Now for the more experienced anglers that will look closer at the above story I thought I would read between the lines. Initially it is shocking and you think well how can that happen? Four adults in a Shetland 570 is not ridiculously excessive but that depends on their actual weight. I have a couple of friends over 20 stone! Therefore 4 big adults with fishing tackle all in the stern of a 570 could be a little heavy added to the fuel load etc. Not a problem in flat seas. Also be aware that current wind conditions will not mean that ‘big’ waves will not exist as a blow the night before or a low pressure that maybe hundreds of miles away, can cause ‘big’ waves. I bear witness to the fact that not a lot of water will cause a list and will ‘sit’ a Shetland 570 deeper at the stern, due to the fact the cockpit is only half the length of the boat. I have been there! If the stern points back into the waves and there are ‘bigger’ waves rolling towards it, is it worth waiting for a big one and taking the risk. In the Solent we have waves that curl and slap the boat sometimes coming over but a big wave dumping itself in the boat as the above story describes is potentially the end of the line.

Going back a few years both Robbie Russell who skippered ‘Starbird’ from Keyhaven and Ray Pitt who used to run ‘Two Brothers’, before ‘Lady M’, both used to say that a following sea is the one to watch. You can spear through a big wave on the bow but if one catches up and dumps over the stern that could be then end, particularly when going over the ‘Needles Bridge’. You need to understand what wind and tide directions will do to the sea. Nowadays we take boat speed and power for granted and can usually avoid being ‘caught up’.  It is odd also that at slack water the sea can act in a strange way almost as if the pull of the tide when released let the wave’s spring up. In that situation over a slack water they can come from all directions. The smaller the boat, the worst the affect the ‘big’ waves will have on it. A small boat with no weight will ride up and over. A small boat with lots of weight will have a delay before riding up and over.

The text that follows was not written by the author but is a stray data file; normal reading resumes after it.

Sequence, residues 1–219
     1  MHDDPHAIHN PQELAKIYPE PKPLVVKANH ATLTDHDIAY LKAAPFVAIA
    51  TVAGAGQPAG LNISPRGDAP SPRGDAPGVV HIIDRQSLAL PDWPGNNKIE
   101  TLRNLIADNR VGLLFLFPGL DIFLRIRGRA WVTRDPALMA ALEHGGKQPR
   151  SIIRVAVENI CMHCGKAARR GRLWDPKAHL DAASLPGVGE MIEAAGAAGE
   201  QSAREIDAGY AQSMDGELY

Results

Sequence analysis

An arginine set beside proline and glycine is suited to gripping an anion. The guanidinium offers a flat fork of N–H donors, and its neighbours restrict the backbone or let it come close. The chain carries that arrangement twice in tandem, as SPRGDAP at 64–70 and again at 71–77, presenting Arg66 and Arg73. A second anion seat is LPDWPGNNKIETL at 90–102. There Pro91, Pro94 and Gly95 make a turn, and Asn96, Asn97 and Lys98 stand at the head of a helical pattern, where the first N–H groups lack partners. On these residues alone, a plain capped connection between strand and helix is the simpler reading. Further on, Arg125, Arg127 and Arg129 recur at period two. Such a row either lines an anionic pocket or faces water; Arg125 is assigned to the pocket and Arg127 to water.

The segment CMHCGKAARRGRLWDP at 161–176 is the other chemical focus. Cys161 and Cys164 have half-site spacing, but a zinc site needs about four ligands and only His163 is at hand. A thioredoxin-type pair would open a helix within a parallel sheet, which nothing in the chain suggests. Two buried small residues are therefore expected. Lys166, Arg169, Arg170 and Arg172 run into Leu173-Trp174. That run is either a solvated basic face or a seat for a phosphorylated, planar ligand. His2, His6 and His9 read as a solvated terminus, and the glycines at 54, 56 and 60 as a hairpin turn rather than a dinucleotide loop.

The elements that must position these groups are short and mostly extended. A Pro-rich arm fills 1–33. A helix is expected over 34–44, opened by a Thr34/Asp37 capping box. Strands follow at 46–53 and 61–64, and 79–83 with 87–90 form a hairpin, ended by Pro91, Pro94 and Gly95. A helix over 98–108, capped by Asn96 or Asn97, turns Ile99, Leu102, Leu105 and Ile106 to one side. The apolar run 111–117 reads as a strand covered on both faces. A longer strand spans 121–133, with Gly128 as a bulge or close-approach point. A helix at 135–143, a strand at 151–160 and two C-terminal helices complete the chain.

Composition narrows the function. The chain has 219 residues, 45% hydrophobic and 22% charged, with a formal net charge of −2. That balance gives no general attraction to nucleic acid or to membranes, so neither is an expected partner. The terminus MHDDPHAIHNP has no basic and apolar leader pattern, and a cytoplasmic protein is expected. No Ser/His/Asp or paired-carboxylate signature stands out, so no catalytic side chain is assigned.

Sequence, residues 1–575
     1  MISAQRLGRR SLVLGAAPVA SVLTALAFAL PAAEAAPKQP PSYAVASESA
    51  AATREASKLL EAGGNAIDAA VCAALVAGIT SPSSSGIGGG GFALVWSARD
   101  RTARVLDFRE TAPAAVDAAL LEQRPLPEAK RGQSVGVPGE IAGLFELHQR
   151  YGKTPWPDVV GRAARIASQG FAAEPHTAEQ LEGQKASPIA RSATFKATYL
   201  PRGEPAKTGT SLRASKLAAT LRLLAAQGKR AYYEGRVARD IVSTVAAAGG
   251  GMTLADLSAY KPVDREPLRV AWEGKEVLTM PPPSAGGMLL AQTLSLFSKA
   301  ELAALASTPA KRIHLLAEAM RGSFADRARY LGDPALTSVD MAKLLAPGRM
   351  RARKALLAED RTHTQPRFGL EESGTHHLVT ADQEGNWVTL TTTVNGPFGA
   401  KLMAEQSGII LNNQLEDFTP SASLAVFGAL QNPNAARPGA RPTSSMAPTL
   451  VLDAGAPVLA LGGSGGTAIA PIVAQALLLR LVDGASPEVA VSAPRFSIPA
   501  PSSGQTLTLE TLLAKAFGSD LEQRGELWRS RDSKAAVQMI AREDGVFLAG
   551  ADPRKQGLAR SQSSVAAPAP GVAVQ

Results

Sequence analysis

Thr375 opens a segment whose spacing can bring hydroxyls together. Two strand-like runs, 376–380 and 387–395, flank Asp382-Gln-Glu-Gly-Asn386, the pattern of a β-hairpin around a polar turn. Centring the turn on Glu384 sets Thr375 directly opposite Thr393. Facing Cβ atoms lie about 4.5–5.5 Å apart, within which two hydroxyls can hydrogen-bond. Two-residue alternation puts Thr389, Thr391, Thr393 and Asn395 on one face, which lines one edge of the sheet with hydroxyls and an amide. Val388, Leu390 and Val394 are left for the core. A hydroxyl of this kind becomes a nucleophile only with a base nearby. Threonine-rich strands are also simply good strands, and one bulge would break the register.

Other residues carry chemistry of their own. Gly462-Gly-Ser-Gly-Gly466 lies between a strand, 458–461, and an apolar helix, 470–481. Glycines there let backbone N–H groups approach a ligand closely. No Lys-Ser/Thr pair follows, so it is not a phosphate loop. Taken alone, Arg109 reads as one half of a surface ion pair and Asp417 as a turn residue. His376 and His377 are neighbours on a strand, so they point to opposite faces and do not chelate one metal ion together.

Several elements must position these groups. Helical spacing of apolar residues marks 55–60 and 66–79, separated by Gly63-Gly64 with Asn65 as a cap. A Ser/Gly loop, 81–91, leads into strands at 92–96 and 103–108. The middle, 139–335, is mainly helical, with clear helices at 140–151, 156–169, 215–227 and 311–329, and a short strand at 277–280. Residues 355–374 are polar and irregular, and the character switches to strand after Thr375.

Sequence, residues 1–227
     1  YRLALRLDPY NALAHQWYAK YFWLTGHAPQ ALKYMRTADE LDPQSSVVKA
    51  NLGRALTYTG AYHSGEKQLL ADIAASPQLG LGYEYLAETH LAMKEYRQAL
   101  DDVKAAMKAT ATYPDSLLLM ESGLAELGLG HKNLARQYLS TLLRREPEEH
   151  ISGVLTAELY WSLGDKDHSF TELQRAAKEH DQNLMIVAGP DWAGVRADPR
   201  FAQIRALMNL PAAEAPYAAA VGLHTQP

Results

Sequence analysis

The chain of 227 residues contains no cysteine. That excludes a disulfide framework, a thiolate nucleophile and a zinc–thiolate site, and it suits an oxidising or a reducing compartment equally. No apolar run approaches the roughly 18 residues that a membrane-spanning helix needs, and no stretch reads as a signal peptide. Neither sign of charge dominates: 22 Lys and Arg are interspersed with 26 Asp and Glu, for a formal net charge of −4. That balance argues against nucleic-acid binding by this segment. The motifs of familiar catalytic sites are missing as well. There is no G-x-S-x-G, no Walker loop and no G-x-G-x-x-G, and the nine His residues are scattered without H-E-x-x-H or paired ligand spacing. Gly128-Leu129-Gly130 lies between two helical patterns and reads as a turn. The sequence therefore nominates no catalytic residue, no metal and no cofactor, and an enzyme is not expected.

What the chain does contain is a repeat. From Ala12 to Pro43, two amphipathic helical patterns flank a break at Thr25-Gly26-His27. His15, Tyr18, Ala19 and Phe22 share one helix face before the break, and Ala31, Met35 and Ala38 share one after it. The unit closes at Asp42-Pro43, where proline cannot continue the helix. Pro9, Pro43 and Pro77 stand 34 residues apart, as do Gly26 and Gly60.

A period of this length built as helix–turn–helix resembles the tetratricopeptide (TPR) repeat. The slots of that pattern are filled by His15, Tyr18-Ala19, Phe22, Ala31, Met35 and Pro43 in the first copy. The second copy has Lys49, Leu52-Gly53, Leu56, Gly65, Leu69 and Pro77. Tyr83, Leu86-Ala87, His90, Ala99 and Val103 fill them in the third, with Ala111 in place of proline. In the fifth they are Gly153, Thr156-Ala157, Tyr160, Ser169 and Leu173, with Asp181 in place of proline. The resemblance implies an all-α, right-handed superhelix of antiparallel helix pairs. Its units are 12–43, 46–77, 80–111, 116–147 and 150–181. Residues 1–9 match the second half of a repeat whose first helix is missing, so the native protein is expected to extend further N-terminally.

After my own experience this year (read story collision – a lesson learned) I can tell you that I have been wearing my lifejacket ever since. No, not to watch John Wilson but every time I go out in the boat. The above story justifies my new fishing procedure which is this; I put on my lifejacket while in the garage, load the car up and go fishing, unload the car, take off lifejacket, fillet the cod (I wish), in that order. It works for me, it is slowly becoming habit. Another benefit is that now if I fall in, more likely during darkness on a wet slippery walkway and when I am on my own, at least I have my lifejacket on, it might save me.

Another thing, again after my own incident I was surprised just how many people said to me ‘you need to keep a good lookout then’ with no hint sympathy. That is absolutely true even though the TWAT that smashed into us was not even at the helm, as a skipper I have a duty to keep a lookout for other twats that may do the same thing. After all they are more likely to be ‘minted’, being yachtsman (Iknow it is not true for all, I said likely), and there are a few that don’t give a four X about anyone else. It is a bit like defensive driving, you can make an effort to stay safe or just ignore all the signs and see what happens. I used to ignore some of the signs…not now I hope. Most other boats out on the Solent are generally bigger than my 570 so I will nearly always come off worst, whatever happens. I certainly don’t want to loose my extremely convenient step on step off boat fishing for another summer!